where the numbers in parentheses are the corresponding t–ratios of the estimated coefficients, N is the number of observations, R–square and adjusted R–square are the coefficients of determination, and F–value is the statistic for F–test.
While the coefficients of determination and the F–value of the urban model indicate that the estimated regression model fits the data very well and explained more than 92 percent of the variation in the dependent variable, the estimated coefficients and their t–ratios suggest that both the per capita disposable income (DI) and percentage of urban population (PU) showed positive and significant impacts on the number of computers per 100 households in urban China.
Similar to the urban model, the estimated rural model fits the data very well and explained more than 90 percent of the variation in the dependent variable. The estimated regression coefficients suggest that per capita disposable income (DI) showed a positive and significant impact on the dependent variable, and the percentage of urban population (PU) had a positive but insignificant impact on the dependent variable. It is interesting to note that the estimated coefficient of the income variable in the rural model is very close to that in the urban model, indicating that per capita disposable income has a similar impact on computer ownership among both urban and rural households in China.
This section examines some major socioeconomic impacts of the increasing use of computers and the Internet in China and discusses their policy implications. Most of the data and information cited in this section are from recent publications and reports published in newspapers in English or Chinese.
E–commerce and trade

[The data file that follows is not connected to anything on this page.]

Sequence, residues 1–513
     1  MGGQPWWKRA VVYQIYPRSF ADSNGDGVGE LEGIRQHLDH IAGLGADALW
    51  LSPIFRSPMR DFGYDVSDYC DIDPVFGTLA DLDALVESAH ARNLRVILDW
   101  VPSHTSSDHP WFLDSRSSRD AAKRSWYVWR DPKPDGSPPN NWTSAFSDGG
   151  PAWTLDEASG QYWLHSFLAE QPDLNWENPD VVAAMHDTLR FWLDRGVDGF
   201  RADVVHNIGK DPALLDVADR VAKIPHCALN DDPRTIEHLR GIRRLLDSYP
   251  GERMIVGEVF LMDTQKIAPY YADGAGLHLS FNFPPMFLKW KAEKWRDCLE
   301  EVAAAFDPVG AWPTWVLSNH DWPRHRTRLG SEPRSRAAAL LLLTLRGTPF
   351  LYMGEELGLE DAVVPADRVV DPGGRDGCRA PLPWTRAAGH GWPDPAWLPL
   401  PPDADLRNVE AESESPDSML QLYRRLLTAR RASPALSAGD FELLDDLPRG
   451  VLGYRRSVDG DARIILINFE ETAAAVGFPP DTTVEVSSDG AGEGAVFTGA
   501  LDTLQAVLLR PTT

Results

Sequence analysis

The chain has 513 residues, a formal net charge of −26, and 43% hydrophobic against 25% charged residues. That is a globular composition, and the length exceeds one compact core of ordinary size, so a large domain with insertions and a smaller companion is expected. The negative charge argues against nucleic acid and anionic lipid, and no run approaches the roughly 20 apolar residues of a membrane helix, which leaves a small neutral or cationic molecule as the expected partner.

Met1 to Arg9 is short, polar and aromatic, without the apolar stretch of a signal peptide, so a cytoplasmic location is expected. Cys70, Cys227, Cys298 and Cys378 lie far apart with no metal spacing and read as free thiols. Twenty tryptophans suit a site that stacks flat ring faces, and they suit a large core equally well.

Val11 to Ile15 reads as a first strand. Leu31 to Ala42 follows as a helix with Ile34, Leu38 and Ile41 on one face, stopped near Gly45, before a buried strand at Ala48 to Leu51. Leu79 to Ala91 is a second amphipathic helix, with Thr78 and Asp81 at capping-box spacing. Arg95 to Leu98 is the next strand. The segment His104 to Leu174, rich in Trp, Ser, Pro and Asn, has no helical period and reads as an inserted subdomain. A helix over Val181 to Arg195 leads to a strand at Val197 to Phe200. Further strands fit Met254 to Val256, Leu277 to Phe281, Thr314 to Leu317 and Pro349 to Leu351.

As discussed in the introduction, Internet sales in China have increased steadily in the past decade and reached 498 billion RMB in 2010. The dramatic growth in China’s e–commerce is closely related to its rapidly growing per capita income, the increasing availability of computers and cell phones with an Internet connection, the relative lack of national chain retailers, diversified consumption and production patterns across regions, and increased domestic and foreign investment in e–commerce (Zhao, et al., 2008). For example, since it was founded in 2003, Taobao.com has emerged as the largest Internet retail company in Asia, with more than 170 million registered users and gross sales exceeded 200 billion RMB in 2009 (Alibaba.com, 2010). Similarly, Alibaba.com has become a global leader in business–to–business (B2B) trade online, with more than 61.8 million registered users worldwide at the end of 2010 (Alibaba.com, 2011). Both Taobao.com and Alibaba.com are operated by the Alibaba Group, founded in China in 1999. The group’s stock has been traded in the Hong Kong Stock Exchange since November 2007. The Alibaba Group also operates Alipay.com, similar to PayPal, and the Chinese branch of Yahoo! Alipay.com has developed many mechanisms to improve the safety and convenience of online payments, and it facilitated nearly US$20 billion in online payment transactions in 2008 (Alibaba Group, 2009). The growth and returns of the Alibaba Group and several other large e–commerce companies in China suggest that e–commerce will continue to grow at a significant rate in the coming years.